And it may well add to the speculation over whether the Bank of Canada will cut rates again.

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"November's disappointing results will put a dent in Q4 GDP growth, the latter likely to come in around 2 per cent annualized, roughly half a percentage point lower than the Bank of Canada's estimates in the recent monetary policy report," said senior economist Krishen Rangasamy of National Bank of Canada.

"That, coupled with the recent Statistics Canada downgrade to employment, gives the central bank ammunition to dispatch another rate cut at its March meeting."

The factory sector's output sank by 1.9 per cent in the month, ending what had been a string of gains.

The latest reading from the U.S. economy, meanwhile, showed growth slowing in the fourth quarter to an annual pace of 2.6 per cent.

Loonie sinks
And you just knew this was coming: The Canadian dollar hit a fresh low today after those duelling economic reports from Canada and the United States.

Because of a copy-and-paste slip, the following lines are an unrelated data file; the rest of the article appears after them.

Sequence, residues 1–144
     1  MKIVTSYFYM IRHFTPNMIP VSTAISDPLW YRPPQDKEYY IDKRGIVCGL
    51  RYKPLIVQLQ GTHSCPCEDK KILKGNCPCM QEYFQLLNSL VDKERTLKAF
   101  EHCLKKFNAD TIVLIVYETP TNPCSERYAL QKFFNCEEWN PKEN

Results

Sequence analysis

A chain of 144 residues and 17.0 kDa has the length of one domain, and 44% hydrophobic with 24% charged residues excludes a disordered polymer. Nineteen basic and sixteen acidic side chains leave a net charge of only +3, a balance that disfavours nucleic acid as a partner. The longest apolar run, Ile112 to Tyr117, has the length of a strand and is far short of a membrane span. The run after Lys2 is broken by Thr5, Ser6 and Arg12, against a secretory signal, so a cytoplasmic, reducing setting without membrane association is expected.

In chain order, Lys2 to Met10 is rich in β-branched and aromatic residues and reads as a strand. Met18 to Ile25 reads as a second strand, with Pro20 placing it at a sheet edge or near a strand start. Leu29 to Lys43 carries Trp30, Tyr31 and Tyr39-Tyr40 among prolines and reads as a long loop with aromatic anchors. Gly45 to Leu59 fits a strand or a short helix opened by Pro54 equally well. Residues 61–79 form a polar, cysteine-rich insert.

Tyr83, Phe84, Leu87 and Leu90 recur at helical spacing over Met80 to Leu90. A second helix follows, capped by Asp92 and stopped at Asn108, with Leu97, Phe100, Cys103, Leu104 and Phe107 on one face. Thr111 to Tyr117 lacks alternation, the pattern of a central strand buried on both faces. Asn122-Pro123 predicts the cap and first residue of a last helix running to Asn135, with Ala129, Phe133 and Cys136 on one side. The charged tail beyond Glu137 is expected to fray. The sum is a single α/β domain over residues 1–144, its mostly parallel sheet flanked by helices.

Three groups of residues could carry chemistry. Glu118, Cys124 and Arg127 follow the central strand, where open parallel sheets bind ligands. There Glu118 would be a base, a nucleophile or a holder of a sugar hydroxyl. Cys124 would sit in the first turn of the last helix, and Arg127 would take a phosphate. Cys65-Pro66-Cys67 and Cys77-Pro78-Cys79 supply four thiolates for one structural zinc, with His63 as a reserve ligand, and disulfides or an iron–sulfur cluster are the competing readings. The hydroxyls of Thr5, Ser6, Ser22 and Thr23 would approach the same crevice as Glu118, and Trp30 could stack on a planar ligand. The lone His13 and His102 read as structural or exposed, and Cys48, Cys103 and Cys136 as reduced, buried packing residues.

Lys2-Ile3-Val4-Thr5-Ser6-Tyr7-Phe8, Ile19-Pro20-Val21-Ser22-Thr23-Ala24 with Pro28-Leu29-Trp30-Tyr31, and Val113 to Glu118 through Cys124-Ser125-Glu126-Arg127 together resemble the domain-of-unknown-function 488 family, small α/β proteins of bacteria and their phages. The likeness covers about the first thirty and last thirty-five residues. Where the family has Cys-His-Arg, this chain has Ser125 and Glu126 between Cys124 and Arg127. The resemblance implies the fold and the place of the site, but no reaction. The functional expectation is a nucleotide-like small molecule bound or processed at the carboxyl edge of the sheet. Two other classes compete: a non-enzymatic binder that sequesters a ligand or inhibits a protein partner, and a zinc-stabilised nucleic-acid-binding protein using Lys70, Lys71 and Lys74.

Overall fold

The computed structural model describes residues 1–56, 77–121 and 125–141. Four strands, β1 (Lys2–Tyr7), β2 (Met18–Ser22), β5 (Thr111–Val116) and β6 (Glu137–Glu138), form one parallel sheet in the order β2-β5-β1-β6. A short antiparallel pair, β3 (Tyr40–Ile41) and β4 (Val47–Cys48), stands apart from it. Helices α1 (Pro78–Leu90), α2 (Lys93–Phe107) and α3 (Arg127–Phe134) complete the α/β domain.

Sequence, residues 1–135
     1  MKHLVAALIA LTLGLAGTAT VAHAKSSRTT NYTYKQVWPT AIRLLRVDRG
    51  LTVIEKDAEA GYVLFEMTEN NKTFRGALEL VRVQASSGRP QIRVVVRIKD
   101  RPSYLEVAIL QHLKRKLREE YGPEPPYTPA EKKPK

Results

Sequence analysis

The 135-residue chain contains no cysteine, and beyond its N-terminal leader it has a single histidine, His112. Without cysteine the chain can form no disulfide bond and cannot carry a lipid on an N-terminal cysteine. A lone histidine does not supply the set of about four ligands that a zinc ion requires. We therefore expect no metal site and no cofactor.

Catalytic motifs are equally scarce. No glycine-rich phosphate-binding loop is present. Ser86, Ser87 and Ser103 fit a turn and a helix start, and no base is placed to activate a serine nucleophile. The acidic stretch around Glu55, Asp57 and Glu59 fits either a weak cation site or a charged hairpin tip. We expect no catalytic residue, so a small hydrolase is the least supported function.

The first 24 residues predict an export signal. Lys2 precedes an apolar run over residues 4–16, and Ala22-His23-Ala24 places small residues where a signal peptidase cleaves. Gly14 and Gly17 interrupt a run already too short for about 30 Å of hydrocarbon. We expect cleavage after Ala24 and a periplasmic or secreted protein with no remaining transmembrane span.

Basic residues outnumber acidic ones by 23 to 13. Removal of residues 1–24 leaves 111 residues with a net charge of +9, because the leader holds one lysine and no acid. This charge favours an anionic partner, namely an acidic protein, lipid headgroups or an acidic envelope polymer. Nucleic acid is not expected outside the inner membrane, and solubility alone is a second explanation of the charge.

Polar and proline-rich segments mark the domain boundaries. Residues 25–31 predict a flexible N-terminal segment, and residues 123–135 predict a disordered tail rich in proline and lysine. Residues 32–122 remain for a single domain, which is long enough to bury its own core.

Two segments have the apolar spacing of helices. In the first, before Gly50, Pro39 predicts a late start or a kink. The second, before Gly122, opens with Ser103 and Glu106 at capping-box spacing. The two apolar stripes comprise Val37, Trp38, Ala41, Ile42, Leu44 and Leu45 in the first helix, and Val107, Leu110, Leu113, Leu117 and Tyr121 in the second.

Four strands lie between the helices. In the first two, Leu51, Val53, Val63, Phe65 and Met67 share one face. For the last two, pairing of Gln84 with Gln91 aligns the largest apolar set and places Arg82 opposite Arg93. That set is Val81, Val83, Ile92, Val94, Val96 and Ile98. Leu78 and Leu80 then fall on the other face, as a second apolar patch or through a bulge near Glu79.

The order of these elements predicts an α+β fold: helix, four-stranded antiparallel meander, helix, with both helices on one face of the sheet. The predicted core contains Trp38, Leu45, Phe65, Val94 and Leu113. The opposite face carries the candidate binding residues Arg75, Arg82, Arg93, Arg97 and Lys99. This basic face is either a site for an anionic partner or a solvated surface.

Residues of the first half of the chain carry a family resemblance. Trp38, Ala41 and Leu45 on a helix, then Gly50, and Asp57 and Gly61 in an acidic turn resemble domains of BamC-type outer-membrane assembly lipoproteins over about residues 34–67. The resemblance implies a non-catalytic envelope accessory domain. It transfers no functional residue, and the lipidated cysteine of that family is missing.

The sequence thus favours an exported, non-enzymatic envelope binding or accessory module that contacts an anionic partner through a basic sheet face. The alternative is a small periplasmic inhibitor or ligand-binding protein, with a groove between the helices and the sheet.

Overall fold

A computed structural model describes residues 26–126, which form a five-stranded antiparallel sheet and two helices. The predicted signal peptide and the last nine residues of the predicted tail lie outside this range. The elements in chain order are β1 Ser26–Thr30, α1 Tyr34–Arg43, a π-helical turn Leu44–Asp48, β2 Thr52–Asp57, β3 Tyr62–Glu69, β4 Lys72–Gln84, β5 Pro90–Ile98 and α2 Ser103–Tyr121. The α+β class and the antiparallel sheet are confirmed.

So far today, the loonie has touched a low point of 78.22 cents U.S. and a high of 79.31 cents.

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It's the second day in a row that the currency has swung by about a penny from its high to its low.

Misery loves company
Not to be outdone, Europe reported some ugly numbers today.

The Eurostat agency said it now expects the euro zone to sink further into deflation in January, to the tune of -0.6 per cent from December's -0.2 per cent.

That's largely driven by falling energy prices, but food, alcohol and tobacco are also playing a role.

The agency also said unemployment dipped in December to 11.4 per cent from 11.5 per cent, small comfort given the still-elevated level.

Russia cuts
The world's central banks are just full of surprises these days.

The Bank of Russia became the latest today, cutting its key one-week auction rate to 15 per cent from 17 per cent as it plunges toward an expected recession.

The ruble tumbled, but that's nothing new.

"The focus is now on growth downsides that will probably crush ruble-impacted import price inflation," said economists at Scotiabank.

"Governor Elvira Nabiullina was under pressure to cut rates from the business community as the run-up in rates from 10.5 per cent in December was rippling throughout the financial system and economy," they added in a research note.

"One cannot help but question such erratic monetary policy behaviour."